If you ask yourself if you’re really ready to stand before an audience and your head and heart reply with a startling no, then perhaps the only way to reduce your anxiety is to continue working on your presentation. All the confidence in the world cannot make-up for a lack of research or knowledge about a topic. One important concept to keep in mind is that a strong presentation is much like a strong written text – so many of the same skills you use when writing a research paper will also be used in constructing an oral and visual presentation. Below, are some specific steps and tips to keep in mind as you develop a plan for your presentation and think about delivering it before an audience.

The Master Plan

  • Define your rhetorical situation: Who are you as the speaker? What is your purpose? Who is your audience? What do you know about this group? In what context will this presentation be given?
  • Gather information: Determine both what you need to know and what you want to share with your audience.
  • Select the right medium: Choose the best medium (PowerPoint, speech, Prezi, handouts, poster board, etc.) for delivering your message and meeting your audience’s needs.
  • Organize your information: Organization is vital for influencing any audience, and a presentation’s audience is no different. Remember to identify your central argument or claim and work to clearly communicate and support it throughout your presentation. Keeping track of all your sources will help keep you organized in the planning period.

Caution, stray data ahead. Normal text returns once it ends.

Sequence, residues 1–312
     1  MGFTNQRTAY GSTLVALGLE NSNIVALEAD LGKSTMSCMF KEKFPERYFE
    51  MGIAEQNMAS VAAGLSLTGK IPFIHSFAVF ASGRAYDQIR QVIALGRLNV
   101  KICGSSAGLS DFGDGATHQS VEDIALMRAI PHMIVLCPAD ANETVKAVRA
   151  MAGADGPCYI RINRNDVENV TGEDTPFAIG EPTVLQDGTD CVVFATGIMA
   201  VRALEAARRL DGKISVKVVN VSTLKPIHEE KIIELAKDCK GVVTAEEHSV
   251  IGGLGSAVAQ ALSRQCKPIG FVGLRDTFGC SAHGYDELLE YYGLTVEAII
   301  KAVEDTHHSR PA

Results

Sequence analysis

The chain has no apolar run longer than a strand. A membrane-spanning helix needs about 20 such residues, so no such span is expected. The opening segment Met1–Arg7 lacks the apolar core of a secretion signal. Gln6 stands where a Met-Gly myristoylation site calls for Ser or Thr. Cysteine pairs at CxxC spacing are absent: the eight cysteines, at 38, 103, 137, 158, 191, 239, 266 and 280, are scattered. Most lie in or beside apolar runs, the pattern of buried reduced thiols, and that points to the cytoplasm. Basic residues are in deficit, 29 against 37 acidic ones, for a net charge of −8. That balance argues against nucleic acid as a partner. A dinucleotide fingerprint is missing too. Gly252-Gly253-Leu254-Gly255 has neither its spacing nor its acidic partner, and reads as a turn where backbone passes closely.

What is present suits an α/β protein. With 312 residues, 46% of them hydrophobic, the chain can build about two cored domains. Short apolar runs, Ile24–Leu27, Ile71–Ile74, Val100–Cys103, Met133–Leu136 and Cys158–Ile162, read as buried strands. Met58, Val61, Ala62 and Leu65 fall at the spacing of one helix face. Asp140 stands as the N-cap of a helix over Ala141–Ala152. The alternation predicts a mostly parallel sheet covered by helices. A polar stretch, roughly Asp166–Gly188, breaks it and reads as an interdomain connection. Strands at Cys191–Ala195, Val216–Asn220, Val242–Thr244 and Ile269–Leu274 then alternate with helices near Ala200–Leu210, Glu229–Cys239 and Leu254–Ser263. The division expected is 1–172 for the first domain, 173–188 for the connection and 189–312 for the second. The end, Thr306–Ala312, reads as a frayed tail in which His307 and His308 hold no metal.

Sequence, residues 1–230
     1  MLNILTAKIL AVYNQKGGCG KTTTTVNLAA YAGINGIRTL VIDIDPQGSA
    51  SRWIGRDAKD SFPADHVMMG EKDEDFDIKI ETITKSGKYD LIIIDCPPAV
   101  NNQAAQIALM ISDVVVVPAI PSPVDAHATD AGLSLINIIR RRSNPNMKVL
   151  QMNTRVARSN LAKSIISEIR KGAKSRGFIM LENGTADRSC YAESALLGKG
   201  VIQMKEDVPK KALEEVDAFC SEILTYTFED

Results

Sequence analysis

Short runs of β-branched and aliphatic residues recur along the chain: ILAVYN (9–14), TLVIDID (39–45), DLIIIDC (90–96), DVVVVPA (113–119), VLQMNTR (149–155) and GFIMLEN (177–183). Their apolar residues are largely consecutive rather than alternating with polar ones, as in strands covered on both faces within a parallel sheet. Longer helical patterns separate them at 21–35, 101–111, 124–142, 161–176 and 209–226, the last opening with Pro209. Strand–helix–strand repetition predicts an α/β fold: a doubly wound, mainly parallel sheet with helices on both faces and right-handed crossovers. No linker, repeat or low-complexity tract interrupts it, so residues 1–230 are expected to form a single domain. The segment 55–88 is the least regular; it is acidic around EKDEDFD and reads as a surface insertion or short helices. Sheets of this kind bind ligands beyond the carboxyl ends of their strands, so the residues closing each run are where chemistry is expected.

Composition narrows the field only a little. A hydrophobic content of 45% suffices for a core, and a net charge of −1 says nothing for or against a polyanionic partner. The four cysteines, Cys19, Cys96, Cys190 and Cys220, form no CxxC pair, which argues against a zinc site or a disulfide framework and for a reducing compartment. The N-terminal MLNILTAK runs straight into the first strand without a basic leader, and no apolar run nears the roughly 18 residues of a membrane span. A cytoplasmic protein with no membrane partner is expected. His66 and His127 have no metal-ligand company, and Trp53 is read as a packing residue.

The Write Way

  • Adapt to your audience: Think about not only the people who will be listening but also the space in which you will be speaking; then, let this information influence your construction of your speech and other materials. Plan on establishing your own credibility early.
  • Compose your presentation:  Outlining your presentation is extremely helpful, and you should use a form that makes sense to you. Once you’ve got a solid outline, add as much detail as possible. You’ll also want to grab your audience with an interesting opening and signal the end with a thoughtful conclusion. Don’t forget to accurately and appropriately cite all information from outside sources.

Ready, Set, Present!

  • Revise your message: One draft doesn’t cut it in writing a research paper, so it won’t cut it here either. Be sure to follow a process (probably similar to your writing process) that allows time for revision and editing, include any material you will be handing out or projecting. Keep in mind that slides should introduce material, not cover it.
  • Master your delivery: Practice, practice, practice! If you are using any technology, it is vital that you practice your presentation with these technological features. Reviewing your material can help reduce your nerves, as knowledge breeds confidence. Lastly, be aware of your body and voice. Be sure you are loud enough for all to hear and visible for all audience members to see you; also, try to keep distracting behaviors to a minimum (e.g., fidgeting with your clothes or playing with your hair).

I hope these tips help! Write me here again if you have other questions or concerns.

Break a leg!

Writing Diary

Works Cited
Bove, Courtland L., and John V. Thill. Business Communication Today. 11th ed. New York: Pearson, 2012. Print.